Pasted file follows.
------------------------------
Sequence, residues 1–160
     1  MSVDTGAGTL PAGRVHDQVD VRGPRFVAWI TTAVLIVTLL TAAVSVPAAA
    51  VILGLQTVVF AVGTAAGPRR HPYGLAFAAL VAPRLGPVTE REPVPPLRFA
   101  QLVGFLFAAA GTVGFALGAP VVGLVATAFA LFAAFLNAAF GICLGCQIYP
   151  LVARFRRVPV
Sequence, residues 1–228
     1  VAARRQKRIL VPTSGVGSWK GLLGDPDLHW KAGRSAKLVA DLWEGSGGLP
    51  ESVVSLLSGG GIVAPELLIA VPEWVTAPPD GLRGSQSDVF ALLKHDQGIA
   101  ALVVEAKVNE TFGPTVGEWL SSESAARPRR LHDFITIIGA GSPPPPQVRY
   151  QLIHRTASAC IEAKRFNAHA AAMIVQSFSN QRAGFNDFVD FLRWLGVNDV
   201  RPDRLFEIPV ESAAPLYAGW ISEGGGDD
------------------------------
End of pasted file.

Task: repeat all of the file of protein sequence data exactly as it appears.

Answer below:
Sequence, residues 1–160
     1  MSVDTGAGTL PAGRVHDQVD VRGPRFVAWI TTAVLIVTLL TAAVSVPAAA
    51  VILGLQTVVF AVGTAAGPRR HPYGLAFAAL VAPRLGPVTE REPVPPLRFA
   101  QLVGFLFAAA GTVGFALGAP VVGLVATAFA LFAAFLNAAF GICLGCQIYP
   151  LVARFRRVPV
Sequence, residues 1–228
     1  VAARRQKRIL VPTSGVGSWK GLLGDPDLHW KAGRSAKLVA DLWEGSGGLP
    51  ESVVSLLSGG GIVAPELLIA VPEWVTAPPD GLRGSQSDVF ALLKHDQGIA
   101  ALVVEAKVNE TFGPTVGEWL SSESAARPRR LHDFITIIGA GSPPPPQVRY
   151  QLIHRTASAC IEAKRFNAHA AAMIVQSFSN QRAGFNDFVD FLRWLGVNDV
   201  RPDRLFEIPV ESAAPLYAGW ISEGGGDD